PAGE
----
ALMOST all the soldiers in the world are men. So are most of the police, most of the prison warders and almost all of the generals, admirals, bureaucrats and politicians who control the apparatuses of coercion and collective violence.
Most murderers are men. Almost all bandits, armed robbers and muggers are men: all rapists, most domestic bashers; and most people involved in street brawls, riots and the like.
The same story, then, for both organized and unorganized violence. It seems there is some connection between being violent and being male.
There is a common belief that this is all ‘natural’. Human males are genetically programmed to be hunters and killers, the argument runs. The reason is that ape-man aggression was a survival need in the prehistoric dawn, while the ape-women clustered passively round their camp-fires suckling and breeding.
Right-wing versions of this argument thus explain and justify aggression, competition, hierarchy, territoriality, patriarchy and by inference private property, national rivalry, armies and war.
The tissue of pseudo-biological and pseudo-anthropological argument on which these doctrines are built crumbles on critical examination. The pre-history is speculative; and a little thought will show that by similar arguments one can ‘prove’ equally well that men are naturally co-operative, naturally pacifist and naturally democratic.
The truth of the matter is that no such argument proves anything at all. War, murder, rape and masculinity are cultural facts, not settled by biology. The patterns we have to deal with as issues of current politics have been produced within human society by the processes of history. It is the shape of social relations, not the shape of the genes, that is the effective cause. ‘Male’ and ‘masculine’ are very different things. Masculinity is implanted in the male body: it does not grow out of it.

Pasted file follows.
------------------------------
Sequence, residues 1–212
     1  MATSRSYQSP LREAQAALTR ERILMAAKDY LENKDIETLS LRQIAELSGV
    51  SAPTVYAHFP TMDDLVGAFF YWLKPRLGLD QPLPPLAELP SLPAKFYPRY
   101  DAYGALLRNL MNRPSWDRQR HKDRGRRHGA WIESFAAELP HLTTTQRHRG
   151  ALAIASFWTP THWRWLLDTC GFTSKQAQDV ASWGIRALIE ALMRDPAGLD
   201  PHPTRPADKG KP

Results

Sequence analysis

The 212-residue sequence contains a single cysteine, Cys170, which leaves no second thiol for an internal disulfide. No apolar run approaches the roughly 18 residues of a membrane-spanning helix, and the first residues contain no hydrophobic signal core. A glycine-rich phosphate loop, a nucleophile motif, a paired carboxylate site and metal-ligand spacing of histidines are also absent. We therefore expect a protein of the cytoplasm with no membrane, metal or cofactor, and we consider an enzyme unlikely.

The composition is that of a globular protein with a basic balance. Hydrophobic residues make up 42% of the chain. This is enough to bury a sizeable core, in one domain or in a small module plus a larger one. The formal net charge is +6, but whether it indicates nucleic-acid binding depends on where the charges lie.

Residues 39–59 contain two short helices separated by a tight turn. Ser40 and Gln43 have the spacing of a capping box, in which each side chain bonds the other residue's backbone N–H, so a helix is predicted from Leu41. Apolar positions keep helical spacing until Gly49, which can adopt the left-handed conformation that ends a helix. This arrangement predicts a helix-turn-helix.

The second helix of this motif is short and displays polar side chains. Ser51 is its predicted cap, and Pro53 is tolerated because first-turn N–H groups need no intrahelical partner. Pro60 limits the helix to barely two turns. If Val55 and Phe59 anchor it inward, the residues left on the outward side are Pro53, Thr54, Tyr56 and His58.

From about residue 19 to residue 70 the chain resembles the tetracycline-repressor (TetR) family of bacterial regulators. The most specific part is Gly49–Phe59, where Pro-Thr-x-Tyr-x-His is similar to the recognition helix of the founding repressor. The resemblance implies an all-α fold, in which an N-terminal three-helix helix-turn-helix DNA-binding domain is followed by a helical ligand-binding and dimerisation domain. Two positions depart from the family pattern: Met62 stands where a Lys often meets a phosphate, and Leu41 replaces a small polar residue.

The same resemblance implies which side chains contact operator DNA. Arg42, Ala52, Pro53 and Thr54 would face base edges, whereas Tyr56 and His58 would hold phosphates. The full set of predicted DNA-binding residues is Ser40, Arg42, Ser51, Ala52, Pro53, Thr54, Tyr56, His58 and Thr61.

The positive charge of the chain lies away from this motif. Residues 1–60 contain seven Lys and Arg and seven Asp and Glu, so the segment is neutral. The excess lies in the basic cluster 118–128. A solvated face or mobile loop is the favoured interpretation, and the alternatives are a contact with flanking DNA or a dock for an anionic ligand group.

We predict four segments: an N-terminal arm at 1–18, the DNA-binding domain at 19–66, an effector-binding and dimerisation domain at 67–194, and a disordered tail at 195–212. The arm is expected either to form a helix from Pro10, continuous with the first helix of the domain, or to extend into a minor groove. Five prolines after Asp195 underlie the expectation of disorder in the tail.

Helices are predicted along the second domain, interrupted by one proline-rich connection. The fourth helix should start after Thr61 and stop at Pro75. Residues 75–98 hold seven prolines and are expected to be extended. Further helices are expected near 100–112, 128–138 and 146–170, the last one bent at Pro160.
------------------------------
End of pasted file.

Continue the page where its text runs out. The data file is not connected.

Once that is seen, we can look at the familiar images and archetypes of manliness in a clearer light. They are parts of the cultural process of producing particular types of masculinity. What messages they convey are important because they help to shape new generations.
One of the central images of masculinity in the Western cultural tradition is the murderous hero, the supreme specialist in violence. A string of warrior-heroes - Achilles, Siegfried, Lancelot and so on - populate European literature from its origins.
The twentieth century has steadily produced new fictional heroes of this type: Tarzan, Conan, James Bond, the Jackal, the Bruce Lee characters. If you walk into a shop selling comics to boys you will find a stunning array of violent heroes: cops, cowboys, supermen, infantry sergeants, fighter pilots, boxers and so on endlessly. The best of the Good Guys, it seems, are those who pay evildoers back in their own coin.